South Florida Hospital News
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February 2017 - Volume 13 - Issue 8


Broward Health North's New ER Offers a 'Better Patient Experience'

A better patient experience – that was the driving force behind Broward Health North’s new Emergency Room. And a better experience is definitely what the patients are getting.

Robert Bugg, interim CEO of Broward Health North, explained that the previous ER simply "did not have the space for the number of patients." He said that over the past 20 years, the admissions were increasing at an average rate of 1 percent per year. "So we were in a situation where we were having a number of patients in the hallways, and that's not a nice experience for patients, to have to be in the hallways and be seen by staff and physicians."
Dr. Evan Boyar, MD, FAAEM, Chairman and Medical Director, ER, agreed that crowding was the underlying concern in the prior structure, but added that the set-up also sometimes hampered the flow of care, because the ER was constructed almost like a silo and is now more of an open floor plan. "Now our patients are able to be evaluated with their families in their own private room, so it really helps their experience."
The private rooms include a built-in bench where family members can sit. "They're right at the bedside so they can engage in the plan of care for the patient with you. There is also a TV in each room for the families to be entertained when tests are taking place. There are nice photographs and murals in each of the rooms, which is aesthetically pleasing." Bugg added that the pictures were taken by some of the staff and physicians. "We had them blown up and they're right above the bench area where everyone sits, and it brings a nice calming effect to the room."
In addition, the rooms have sliding glass doors, so they can be closed if the patient is seeking privacy. "It makes them feel 

a little more secure and it's quieter than it used to be," Bugg said. "You can imagine what it was like before, with everything going on, and with people being worked on in the hallways. So the experience I would say is much less intense, which is the word I like to use. Now it's really nice and the atmosphere is less intensive, it’s more calming to the patients and to the staff as well."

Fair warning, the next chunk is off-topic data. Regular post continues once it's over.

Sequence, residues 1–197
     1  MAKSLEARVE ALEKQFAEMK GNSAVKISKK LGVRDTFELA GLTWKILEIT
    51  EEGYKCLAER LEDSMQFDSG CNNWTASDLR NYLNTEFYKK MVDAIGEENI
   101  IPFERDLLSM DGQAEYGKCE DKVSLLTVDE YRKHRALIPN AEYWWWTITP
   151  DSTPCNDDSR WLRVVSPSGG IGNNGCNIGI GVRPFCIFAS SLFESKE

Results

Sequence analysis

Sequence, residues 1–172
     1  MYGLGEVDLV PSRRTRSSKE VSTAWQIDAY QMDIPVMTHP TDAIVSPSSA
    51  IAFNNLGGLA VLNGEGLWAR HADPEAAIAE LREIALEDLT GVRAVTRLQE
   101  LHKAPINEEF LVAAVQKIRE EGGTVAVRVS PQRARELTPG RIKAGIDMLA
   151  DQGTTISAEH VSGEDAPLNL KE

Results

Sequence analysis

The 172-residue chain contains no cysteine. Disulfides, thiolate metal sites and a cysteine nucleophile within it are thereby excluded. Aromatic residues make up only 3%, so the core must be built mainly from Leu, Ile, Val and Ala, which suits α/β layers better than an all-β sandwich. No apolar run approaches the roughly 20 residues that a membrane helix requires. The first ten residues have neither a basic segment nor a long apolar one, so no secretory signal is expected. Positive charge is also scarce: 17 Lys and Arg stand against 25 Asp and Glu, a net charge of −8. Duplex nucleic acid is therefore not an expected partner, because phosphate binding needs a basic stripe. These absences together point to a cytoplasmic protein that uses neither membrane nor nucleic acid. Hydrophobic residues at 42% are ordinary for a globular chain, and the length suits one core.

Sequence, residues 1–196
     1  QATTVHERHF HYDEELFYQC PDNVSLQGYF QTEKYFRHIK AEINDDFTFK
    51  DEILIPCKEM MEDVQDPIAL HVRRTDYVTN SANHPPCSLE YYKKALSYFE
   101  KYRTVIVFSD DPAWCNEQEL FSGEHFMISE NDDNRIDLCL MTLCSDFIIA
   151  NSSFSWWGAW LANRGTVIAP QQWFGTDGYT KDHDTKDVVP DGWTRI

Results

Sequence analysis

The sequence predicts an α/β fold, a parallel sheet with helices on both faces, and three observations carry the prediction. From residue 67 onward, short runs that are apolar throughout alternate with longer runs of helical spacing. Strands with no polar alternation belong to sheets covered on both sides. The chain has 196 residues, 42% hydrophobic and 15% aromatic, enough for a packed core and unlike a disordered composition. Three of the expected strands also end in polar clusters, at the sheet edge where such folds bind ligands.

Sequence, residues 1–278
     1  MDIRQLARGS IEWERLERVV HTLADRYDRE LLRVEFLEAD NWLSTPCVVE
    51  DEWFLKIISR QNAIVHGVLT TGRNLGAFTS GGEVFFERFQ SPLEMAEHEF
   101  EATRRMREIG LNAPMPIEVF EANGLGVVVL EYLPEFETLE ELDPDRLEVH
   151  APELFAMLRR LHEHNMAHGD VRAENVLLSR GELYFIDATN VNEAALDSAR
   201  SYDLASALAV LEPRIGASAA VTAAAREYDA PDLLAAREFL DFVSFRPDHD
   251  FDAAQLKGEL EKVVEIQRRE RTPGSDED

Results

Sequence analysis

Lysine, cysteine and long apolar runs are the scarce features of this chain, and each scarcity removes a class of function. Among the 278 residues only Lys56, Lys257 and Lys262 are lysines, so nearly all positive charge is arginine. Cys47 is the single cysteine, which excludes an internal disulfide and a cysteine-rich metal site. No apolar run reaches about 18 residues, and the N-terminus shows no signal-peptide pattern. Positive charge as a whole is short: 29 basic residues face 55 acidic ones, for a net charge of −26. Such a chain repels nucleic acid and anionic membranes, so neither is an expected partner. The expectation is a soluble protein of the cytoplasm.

Dr. Boyar added that the rooms are universal with a number of capabilities, meaning patients can be treated with a variety of technologies in any of the rooms. The new space has a dedicated pediatrics area, which is set away from the rest of the emergency department. He said other major upgrades were three dedicated trauma bays in the level 2 trauma center. They are strategically located right off the entrance where EMS comes into the area, 

as are two dedicated medical resuscitation rooms. The enhanced ER provides more support to the comprehensive stroke center, the cutting-edge cardiovascular center, and decontamination room.
With the new 36,000 sq. ft. area, Bugg said extra staff was added, including medical personnel and paramedics, along with cleaning staff, and transport and respiratory staff.
All of this has indeed brought about a better patient experience. Dr. Boyar said that each day he works he receives comments like, this is terrific, it's spectacular. He continued, "Some of the patients before were complaining about how long they stayed in the emergency room. Now they're actually saying that they wish they could stay a little longer."
The new ER opened in December, and Dr. Boyar said the move was "as smooth a transition as it could be. You can imagine the number of moving parts that are in an emergency department at any one time. We chose a time of 4 a.m. on December 11. We moved every patient from our old ER to our existing Emergency Department, then had to coordinate our computer systems, phone lines, monitoring, supplies. And it went off without a hitch. Everybody had the same goal, to provide the best patient experience. With that in mind we all worked together collaboratively."
Not only has the new department improved patient experience, but it has also increased the number of admissions that can be handled. As Robert Bugg stated, "With the current configuration, we're at about 64,000 visits per year. Anything above 60,000 falls into a high-capacity emergency room, according to national guidelines, and we have the availability of going up to about 75,000 visits with this new configuration. So we're pretty well set for the future."

For more information, call (954) 786-6860 or visit

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